The interplay between astrophysics and particle physics is at the heart of research at Oxford; spanning from the very theoretical to the experimental and observational, our work addresses some of the outstanding problems of modern physics.
On the theoretical front, members of the physics department in the Beecroft Institute of Particle Astrophysics and Cosmology and in the Rudolf Peierls Centre for Theoretical Physics subdepartment lead the way in trying to understand the problem of dark matter, what it might be, how it affects the large-scale structure of the Universe. Allied to that is our expertise in constructing some of the most detailed simulations to date of the large-scale structure which can be used to understand galaxies themselves, how they formed and how the evolved over cosmic history.
The problem of dark energy, and how it affects the expansion of the Universe, is a pressing one. Our researchers are actively trying to devise its origin as well as examine how it bears on our understanding of the General Theory of Relativity and there is a particular interest in gravitational waves and numerical relativity. Looking further back in time, researchers at Oxford have been active in proposing models for and exploring the physics of the early universe, from a possible early period of inflation to, more generally, the dynamics of particles and fields during the hot primordial soup.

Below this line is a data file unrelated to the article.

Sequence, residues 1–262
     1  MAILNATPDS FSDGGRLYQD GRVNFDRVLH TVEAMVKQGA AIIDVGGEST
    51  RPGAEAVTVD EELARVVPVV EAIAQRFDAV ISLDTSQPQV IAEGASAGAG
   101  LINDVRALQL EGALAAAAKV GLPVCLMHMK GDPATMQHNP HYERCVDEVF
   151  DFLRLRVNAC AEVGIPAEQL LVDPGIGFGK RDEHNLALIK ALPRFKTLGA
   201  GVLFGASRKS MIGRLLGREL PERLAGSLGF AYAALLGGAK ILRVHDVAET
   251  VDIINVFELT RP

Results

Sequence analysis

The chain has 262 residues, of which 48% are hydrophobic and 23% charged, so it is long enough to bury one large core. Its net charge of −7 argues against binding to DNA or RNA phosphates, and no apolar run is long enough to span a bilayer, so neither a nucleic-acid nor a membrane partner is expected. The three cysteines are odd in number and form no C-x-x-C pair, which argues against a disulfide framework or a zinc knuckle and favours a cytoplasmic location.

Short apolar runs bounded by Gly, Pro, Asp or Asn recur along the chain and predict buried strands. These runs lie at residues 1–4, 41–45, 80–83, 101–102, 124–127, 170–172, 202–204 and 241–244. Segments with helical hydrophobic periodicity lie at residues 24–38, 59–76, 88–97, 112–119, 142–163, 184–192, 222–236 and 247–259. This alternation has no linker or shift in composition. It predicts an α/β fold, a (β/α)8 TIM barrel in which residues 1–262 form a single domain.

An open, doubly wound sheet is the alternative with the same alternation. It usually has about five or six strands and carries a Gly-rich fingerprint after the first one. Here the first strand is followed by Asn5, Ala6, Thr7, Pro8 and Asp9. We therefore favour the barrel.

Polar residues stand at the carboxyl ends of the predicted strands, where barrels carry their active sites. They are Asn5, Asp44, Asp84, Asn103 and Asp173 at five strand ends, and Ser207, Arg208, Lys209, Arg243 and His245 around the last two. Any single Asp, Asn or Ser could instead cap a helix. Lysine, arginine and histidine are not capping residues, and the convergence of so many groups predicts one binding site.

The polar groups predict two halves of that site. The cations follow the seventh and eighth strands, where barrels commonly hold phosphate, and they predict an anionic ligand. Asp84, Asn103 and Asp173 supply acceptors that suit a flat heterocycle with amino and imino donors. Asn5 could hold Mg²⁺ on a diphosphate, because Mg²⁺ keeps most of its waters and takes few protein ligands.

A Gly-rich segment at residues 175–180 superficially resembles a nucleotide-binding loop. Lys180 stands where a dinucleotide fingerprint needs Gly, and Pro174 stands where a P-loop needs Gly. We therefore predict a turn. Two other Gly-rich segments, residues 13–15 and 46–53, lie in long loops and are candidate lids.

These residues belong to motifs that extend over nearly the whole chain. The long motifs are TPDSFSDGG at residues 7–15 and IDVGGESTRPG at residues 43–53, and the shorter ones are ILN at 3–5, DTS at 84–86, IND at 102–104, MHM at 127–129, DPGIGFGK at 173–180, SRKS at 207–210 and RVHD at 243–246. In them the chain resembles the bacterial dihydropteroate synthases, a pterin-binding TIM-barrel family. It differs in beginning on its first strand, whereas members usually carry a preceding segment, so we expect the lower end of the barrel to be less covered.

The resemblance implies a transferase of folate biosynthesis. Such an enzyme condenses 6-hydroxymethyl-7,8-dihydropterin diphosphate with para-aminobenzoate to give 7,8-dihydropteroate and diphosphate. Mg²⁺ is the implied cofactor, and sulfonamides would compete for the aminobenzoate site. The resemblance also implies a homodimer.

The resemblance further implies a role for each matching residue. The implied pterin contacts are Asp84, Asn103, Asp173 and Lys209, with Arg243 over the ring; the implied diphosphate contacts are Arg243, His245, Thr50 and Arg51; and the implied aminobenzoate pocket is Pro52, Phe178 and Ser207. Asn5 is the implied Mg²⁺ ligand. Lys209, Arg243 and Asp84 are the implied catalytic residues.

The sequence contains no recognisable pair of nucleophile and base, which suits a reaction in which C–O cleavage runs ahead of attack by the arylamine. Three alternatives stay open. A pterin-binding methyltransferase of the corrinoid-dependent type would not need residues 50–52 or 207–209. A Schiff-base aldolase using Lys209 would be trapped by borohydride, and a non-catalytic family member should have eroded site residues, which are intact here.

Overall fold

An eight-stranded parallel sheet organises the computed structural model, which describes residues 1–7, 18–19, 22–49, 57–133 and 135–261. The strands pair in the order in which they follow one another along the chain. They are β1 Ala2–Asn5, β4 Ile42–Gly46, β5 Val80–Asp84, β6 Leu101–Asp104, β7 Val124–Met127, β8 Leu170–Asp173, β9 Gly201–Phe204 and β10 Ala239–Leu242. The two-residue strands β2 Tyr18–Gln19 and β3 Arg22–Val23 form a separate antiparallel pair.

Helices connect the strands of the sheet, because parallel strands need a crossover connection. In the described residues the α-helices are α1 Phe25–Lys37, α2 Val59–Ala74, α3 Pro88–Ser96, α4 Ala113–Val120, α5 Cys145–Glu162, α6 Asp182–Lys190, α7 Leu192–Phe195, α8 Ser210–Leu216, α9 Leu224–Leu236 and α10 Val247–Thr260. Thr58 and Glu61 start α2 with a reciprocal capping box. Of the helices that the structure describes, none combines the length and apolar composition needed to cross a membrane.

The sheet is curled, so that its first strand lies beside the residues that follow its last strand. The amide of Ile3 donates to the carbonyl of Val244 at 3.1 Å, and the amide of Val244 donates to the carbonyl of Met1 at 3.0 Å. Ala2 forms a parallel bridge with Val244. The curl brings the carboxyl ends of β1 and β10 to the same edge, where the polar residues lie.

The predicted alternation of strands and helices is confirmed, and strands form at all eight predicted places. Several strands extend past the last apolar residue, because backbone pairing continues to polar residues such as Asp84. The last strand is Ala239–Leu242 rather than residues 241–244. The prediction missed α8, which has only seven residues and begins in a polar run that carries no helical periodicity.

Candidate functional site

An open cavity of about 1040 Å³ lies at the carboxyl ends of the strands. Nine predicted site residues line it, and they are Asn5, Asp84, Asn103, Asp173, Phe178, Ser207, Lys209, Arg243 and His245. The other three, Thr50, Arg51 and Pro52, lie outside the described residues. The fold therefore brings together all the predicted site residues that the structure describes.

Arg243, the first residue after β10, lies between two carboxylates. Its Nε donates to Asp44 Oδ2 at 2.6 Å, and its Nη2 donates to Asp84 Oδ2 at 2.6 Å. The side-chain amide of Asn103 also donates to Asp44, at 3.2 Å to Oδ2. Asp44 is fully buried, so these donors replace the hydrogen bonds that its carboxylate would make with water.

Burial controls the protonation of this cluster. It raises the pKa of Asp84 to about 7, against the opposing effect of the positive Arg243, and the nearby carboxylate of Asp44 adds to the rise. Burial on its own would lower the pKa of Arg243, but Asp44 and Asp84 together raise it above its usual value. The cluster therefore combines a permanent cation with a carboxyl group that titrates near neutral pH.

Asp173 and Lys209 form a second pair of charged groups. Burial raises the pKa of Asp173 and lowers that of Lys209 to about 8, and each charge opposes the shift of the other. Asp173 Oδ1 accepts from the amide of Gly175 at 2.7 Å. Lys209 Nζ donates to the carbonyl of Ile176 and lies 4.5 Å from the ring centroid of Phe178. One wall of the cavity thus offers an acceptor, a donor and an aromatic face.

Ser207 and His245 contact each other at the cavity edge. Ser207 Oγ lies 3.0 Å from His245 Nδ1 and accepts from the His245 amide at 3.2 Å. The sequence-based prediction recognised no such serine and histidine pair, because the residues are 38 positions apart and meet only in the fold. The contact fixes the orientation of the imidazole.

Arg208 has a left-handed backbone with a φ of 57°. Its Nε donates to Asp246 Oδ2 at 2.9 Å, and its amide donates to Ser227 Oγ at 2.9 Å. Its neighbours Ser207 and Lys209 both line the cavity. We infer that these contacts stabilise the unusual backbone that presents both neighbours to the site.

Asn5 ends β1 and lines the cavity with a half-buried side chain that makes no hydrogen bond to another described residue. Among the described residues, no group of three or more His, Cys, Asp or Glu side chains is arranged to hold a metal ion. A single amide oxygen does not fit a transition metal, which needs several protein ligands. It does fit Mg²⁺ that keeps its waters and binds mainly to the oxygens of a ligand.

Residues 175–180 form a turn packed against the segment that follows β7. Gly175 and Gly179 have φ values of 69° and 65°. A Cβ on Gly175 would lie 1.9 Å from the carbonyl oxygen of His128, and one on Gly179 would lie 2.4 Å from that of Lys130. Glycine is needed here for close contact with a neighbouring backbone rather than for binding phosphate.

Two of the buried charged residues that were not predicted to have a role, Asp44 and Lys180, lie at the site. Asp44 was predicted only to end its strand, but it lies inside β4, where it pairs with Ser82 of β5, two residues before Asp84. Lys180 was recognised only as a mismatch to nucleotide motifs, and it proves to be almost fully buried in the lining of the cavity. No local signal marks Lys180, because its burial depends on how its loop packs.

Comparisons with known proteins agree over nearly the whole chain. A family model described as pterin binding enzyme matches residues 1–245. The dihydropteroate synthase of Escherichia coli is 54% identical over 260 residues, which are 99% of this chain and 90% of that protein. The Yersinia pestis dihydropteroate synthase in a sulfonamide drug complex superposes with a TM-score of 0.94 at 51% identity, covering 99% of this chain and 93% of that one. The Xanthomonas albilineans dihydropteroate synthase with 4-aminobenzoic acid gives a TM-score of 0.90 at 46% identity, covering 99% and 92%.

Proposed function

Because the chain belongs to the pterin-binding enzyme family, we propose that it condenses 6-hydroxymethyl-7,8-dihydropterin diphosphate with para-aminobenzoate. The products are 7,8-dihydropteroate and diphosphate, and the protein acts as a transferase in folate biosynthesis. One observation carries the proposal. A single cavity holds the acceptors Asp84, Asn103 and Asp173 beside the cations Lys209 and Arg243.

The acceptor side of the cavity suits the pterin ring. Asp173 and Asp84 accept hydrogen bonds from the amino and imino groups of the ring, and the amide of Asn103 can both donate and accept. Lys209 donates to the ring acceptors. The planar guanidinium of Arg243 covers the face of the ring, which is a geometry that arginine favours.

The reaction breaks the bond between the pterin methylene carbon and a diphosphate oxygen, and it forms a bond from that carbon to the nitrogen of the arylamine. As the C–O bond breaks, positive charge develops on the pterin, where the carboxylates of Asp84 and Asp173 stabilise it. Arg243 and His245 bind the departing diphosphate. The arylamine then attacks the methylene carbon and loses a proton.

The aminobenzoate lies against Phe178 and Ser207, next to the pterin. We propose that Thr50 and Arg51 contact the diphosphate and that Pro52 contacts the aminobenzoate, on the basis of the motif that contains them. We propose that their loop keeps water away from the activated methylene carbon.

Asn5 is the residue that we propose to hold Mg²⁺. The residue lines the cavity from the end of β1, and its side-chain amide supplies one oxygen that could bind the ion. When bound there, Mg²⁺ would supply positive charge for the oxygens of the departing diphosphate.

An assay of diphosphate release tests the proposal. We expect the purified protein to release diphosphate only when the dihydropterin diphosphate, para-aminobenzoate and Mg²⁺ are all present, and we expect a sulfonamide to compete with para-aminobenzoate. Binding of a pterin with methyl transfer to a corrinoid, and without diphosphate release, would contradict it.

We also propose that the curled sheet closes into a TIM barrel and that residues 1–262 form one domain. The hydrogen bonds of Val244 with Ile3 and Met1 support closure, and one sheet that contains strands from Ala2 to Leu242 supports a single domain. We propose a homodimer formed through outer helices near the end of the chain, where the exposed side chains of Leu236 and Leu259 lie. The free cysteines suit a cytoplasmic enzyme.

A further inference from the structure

Cosmic microwave background
One of the goals of modern cosmology is to map the Universe on a range of wavelengths, angular scales and redshifts. Our group is playing a leading role in current and future cosmic microwave background experiments such as the Atacama Cosmology Telescope (ACT), CBASS, the Simons Observatory and its successors. It has also spearheaded the detailed characterisation of the cosmic web through surveys targeting gravitational weak lensing and galaxy clustering with CFHTLenS, KIDS and, looking forward, the Euclid Satellite, the Rubin Observatory and the Square Kilometre Array.
At the highest photon energies, the gamma-ray astronomy group are members of H.E.S.S., the largest of the current generation of experiments in ground-based very-high-energy (VHE) astronomy. We have leading roles in defining the science case and in the design and construction of the next-generation VHE observatory, the Cherenkov Telescope Array. CTA will explore some of the most extreme regimes in the Universe, using high-energy gamma-rays as probes of astrophysical particle acceleration and beyond-standard-model physics.
We are leading the way in constructing instruments and experiments to look for some of the most elusive particles in the cosmos: we have been heavily involved in the SNO experiment, and its successor SNO+ based at Sudbury, Canada, which looks at neutrinos produced by the Sun. SNO won the 2015 Nobel prize for its ability to show how neutrinos are able to change between different families during their lifetime.
Even more elusive is dark matter and we have been working on some of the most powerful experiments to date. Researchers at Oxford are involved in the LUX-ZEPLIN experiment which is searching for particle dark matter using detector with seven tonnes of liquid Xenon housed in a chamber at the Sanford Underground Research Facility in South Dakota, US.